Factors Associated with Physical Aggression in Pregnant Women and Adverse Outcomes for the Newborn

PhD. Escola Nacional de Saúde Pública, Fundação Oswaldo Cruz (ENSP/FIOCRUZ), Department of Epidemiology and Health Quantitative Methods (DEMQS), Rio de Janeiro, RJ, Brazil. Electronic address: .
Jornal de pediatria (Impact Factor: 1.19). 02/2013; 89(1):83-90. DOI: 10.1016/j.jped.2013.02.013
Source: PubMed


To assess the socioeconomic, demographic, and reproductive factors associated with physical aggression during pregnancy, and the negative outcomes for the newborn in two groups of women: adolescents and young adults.
Cross-sectional study with a sample of 8,961 mothers who were admitted to hospitals of the city of Rio de Janeiro during delivery. To test the hypothesis of homogeneity of proportions, the chi-squared test was used. Odds ratio and confidence intervals were estimated using logistic regression.
5.0% of the adolescents and 2.5% of the young adult women suffered physical violence during pregnancy. In both groups, the variables associated with physical abuse were lower educational level, lower support from the child's father, and more attempts to interrupt the pregnancy. The increase in alcohol consumption was associated with physical abuse only in the group of adolescents; illicit drug use was only associated with physical abuse in young adults. The children of abused mothers had a two-fold increased chance of neonatal death, and a three-fold increased chance of post-neonatal death. Conversely, good quality prenatal care reduced the chance of physical aggression during pregnancy.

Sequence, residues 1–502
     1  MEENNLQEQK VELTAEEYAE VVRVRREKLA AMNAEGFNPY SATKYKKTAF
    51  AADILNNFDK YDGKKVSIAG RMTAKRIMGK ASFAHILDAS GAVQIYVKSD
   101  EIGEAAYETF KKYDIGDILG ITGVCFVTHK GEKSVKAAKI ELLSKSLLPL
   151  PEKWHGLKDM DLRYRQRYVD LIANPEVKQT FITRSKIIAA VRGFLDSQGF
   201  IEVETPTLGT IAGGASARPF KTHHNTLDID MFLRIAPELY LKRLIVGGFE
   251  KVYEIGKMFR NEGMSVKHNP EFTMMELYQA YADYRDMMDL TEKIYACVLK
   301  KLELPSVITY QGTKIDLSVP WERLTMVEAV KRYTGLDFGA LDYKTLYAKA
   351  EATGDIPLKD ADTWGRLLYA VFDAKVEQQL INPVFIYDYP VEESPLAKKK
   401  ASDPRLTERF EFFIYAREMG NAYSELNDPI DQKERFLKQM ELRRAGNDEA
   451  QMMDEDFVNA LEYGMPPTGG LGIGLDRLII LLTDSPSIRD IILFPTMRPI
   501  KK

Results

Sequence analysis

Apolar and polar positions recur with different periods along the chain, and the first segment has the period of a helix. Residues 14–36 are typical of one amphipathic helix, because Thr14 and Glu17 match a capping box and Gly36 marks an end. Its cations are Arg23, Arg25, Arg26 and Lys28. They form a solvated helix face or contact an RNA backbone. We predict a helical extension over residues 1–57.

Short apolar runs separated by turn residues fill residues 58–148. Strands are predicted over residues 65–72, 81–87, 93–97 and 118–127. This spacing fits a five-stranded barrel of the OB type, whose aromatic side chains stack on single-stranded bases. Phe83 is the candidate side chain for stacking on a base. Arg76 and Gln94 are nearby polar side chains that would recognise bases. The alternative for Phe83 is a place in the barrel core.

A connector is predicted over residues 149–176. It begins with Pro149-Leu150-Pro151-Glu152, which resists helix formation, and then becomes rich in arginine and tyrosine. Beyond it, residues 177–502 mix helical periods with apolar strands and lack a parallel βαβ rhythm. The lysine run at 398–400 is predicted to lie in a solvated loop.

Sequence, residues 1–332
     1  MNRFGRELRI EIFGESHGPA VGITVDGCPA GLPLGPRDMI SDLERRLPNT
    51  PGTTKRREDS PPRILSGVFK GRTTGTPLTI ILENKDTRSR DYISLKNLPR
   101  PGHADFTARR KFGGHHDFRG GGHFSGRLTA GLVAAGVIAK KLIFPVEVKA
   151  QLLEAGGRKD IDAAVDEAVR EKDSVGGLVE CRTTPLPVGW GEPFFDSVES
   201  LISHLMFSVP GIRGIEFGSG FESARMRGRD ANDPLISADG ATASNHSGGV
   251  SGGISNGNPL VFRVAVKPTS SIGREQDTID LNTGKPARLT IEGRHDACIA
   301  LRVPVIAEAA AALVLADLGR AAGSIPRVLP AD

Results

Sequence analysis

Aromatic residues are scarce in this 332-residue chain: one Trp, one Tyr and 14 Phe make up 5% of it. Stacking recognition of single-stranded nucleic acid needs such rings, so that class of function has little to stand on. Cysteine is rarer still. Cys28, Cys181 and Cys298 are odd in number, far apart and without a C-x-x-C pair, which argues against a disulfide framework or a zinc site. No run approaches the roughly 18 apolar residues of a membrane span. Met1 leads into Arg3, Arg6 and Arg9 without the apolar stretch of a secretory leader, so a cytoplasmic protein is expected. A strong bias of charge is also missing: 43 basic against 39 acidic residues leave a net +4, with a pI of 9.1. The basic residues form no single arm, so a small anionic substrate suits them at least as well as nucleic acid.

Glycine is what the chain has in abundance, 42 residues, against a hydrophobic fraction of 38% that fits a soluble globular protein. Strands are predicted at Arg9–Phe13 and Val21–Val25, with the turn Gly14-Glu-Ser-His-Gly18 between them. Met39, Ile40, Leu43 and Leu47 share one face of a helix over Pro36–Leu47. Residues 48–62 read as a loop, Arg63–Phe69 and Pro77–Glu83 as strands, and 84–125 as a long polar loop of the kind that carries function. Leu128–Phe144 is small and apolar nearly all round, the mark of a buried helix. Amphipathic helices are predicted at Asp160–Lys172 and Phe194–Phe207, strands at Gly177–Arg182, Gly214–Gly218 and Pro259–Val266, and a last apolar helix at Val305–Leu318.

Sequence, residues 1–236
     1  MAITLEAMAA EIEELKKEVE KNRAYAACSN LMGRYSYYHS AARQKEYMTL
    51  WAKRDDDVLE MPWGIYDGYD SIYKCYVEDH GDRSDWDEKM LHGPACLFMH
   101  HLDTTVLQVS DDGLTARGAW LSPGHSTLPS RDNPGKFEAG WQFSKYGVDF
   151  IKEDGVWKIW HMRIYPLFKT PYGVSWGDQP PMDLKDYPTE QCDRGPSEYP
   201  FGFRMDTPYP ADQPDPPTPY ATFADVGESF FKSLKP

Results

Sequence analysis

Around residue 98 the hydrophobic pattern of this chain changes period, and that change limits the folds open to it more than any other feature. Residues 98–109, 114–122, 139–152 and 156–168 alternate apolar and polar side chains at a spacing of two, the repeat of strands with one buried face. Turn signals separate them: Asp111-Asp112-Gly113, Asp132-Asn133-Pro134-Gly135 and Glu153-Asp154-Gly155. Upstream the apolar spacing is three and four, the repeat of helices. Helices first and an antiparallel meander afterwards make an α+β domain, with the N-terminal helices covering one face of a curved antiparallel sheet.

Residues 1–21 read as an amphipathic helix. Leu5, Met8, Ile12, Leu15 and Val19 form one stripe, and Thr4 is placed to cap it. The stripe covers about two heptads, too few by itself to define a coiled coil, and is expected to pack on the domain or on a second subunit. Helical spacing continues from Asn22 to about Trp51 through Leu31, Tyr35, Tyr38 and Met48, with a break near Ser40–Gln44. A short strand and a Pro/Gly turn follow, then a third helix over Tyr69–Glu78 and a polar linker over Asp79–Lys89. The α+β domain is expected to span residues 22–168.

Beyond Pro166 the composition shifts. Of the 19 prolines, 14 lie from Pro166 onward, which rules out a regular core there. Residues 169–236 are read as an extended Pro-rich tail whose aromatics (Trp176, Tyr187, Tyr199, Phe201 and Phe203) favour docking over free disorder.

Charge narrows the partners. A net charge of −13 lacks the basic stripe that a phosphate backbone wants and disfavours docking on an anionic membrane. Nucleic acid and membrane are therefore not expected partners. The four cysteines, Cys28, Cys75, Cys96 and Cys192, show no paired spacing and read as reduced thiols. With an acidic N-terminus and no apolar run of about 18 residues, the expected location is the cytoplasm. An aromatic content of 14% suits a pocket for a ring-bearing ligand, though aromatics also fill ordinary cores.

The results emphasize the increased chance of neonatal and post-neonatal mortality among children of victims of physical abuse during pregnancy, and indicate the importance of prenatal care to identify women at higher risk of suffering aggression, the appropriate time to provide measures of protection and care for mother and baby.

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Available from: Elaine Fernandes Viellas, Jun 03, 2014
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